Section 24 provides for the preparation of the master plan for the docklands area. It will serve as the blueprint for the Authority's fulfilment of the general duty imposed on it by section 18. Provision is made for significant public consultation in the course of the master plan's preparation, reflecting the critical importance of bringing all the interests in the area together in support of it. Work on the preparation of the master plan, including extensive consultations with all the interests in the area, has been initiated in parallel to the preparation of this Bill. This will ensure the new Authority, once established, will lose no time in getting the docklands initiative formally under way. It will facilitate the Authority's early consideration of a range of proposals now being developed by the consultants preparing the master plan.
The consultants' work has benefited from the completion of a number of studies on the docklands area commissioned by the Custom House Docks Development Authority. These studies cover the area's socio-economic profile, its land-use and building conditions and the important features of its architecture and industrial archaeology, all key factors to be considered in preparing a workable, viable master plan.
Section 25 provides for the making of planning schemes for certain areas, the effect of which is to exempt development complying with the scheme from the requirement to obtain planning permission. This power was available to the Custom House Docks Development Authority in respect of the Custom House docks area and schemes were made in 1987 and 1994. The process of making a planning scheme provides for consultation with Dublin Corporation and requires the Authority to have regard to the corporation's development plan.
In addition to the Custom House docks area, the new Authority will also be able to exercise the power to make planning schemes in respect of other areas specified by order of the Minister for the Environment under section 25 (1) (a). It is envisaged that the power to make orders for this purpose would only be used where very special circumstances exist, which would make the planning scheme approach appropriate. Under section 6 (3), any order made under section 25 (1) (a) would have to be approved by both Houses of the Oireachtas before it could come into operation.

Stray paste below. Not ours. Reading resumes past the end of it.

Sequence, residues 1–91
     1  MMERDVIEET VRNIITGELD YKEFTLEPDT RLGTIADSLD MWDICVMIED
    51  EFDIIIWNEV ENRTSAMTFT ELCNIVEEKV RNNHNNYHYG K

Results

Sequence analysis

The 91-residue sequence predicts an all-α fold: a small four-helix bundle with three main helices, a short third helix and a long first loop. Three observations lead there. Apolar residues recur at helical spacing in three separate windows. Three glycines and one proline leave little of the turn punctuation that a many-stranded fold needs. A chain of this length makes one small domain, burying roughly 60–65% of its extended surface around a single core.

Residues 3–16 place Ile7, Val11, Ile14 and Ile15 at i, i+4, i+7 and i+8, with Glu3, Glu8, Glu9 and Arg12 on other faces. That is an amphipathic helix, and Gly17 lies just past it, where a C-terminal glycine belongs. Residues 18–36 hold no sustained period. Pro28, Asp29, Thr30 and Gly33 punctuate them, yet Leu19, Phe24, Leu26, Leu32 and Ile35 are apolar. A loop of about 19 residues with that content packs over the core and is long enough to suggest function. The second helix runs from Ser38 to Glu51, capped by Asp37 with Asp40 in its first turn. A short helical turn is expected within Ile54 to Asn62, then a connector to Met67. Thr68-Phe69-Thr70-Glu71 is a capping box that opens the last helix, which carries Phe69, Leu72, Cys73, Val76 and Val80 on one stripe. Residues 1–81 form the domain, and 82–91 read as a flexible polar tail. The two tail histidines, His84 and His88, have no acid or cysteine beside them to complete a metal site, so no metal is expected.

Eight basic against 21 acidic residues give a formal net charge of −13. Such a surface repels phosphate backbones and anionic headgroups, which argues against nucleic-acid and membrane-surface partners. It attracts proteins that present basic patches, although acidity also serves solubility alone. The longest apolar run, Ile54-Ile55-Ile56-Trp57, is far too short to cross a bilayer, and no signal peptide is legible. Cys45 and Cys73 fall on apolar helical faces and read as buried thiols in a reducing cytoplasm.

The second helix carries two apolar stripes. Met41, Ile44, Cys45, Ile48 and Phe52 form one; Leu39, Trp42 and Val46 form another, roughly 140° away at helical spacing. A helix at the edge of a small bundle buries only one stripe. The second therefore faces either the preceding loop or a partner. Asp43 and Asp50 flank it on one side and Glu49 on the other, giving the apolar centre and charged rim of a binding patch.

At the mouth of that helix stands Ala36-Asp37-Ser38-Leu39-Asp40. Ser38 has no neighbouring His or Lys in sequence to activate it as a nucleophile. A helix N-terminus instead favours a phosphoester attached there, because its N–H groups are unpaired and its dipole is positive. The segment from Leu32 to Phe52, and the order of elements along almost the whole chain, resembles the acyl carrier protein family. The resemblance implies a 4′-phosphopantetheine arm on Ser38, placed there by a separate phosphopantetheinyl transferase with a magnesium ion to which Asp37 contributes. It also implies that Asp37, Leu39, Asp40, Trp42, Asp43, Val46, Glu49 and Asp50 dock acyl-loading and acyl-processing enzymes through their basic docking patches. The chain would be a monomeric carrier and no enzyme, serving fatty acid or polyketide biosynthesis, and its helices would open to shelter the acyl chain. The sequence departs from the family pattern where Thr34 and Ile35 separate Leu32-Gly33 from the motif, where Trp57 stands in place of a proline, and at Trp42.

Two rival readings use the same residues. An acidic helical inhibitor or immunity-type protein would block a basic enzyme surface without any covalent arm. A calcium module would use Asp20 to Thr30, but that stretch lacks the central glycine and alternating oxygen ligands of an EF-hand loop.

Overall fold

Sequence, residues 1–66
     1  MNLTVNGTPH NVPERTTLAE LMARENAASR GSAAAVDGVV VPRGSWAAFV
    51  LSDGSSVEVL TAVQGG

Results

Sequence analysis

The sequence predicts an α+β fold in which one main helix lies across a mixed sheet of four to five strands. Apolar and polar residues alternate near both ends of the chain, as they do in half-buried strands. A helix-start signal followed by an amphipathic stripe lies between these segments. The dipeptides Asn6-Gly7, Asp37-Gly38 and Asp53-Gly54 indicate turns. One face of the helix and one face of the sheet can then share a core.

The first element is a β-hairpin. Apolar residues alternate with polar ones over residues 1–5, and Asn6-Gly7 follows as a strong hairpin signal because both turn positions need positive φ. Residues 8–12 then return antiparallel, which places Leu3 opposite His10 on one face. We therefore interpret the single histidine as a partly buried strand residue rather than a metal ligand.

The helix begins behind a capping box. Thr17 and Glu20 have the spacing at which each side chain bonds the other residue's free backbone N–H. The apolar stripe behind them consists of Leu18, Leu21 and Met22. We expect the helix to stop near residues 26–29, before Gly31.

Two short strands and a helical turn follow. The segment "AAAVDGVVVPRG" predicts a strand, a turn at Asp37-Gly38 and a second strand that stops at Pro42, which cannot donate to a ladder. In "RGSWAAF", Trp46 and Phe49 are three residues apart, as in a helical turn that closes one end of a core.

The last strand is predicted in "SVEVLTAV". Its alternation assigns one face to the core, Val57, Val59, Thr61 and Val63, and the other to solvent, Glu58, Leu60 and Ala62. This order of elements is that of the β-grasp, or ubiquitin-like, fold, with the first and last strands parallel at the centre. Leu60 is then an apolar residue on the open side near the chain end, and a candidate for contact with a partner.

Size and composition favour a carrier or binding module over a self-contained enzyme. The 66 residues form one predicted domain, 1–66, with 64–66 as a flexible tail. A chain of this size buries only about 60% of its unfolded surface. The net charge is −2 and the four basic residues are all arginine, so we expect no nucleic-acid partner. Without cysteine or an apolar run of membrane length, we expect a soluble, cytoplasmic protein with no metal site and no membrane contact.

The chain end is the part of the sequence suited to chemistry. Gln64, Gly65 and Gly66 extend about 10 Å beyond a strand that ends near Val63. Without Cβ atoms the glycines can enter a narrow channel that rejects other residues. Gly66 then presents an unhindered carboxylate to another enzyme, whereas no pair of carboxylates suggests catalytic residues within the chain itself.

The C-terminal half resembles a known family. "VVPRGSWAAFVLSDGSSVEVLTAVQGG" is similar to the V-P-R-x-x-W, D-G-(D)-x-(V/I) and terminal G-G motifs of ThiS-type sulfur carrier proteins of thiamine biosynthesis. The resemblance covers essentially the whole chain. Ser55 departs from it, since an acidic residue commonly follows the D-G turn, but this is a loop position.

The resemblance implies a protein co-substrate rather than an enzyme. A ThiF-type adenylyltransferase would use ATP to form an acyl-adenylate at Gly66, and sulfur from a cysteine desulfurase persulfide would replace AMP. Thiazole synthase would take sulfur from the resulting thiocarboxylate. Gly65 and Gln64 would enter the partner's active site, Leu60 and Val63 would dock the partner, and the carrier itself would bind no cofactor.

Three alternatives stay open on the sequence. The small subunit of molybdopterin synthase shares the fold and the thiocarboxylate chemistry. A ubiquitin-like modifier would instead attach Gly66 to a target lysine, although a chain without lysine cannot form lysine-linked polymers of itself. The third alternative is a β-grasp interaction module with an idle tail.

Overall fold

Section 26 provides for an environmental impact assessment in connection with certain planning schemes prepared under section 25. While under the Urban Renewal Act, 1986, any development to which EIA applies may be included in a planning scheme, section 25 (1) (c) will place a restriction on this. In future, the types of EIA-type development which may be included in a planning scheme will be limited to industrial estates, urban development projects and seawater marinas. If any other development to which EIA applies is proposed for an area covered by a planning scheme, it will be subject to the normal requirements of the planning process.
Section 27 provides for the compulsory acquisition by the Authority of land other than land owned by statutory bodies which, under section 28, may, in certain circumstances, be transferred from such bodies to the new authority. Similar powers are available to the Custom House Docks Development Authority at present and they are being replicated in this Bill.
Sections 29 to 33 deal with the financing requirements of the new Authority. The extent of these requirements can only be considered by the Government once the master plan, which will include costings and funding options, has been completed early next year. Accordingly, in line with the recommendations of the docklands task force, the Bill provides for a range of funding mechanisms to be available to the Authority. The extent to which each will be used will be determined in light of the financing element of the master plan and the decision by the Government on it.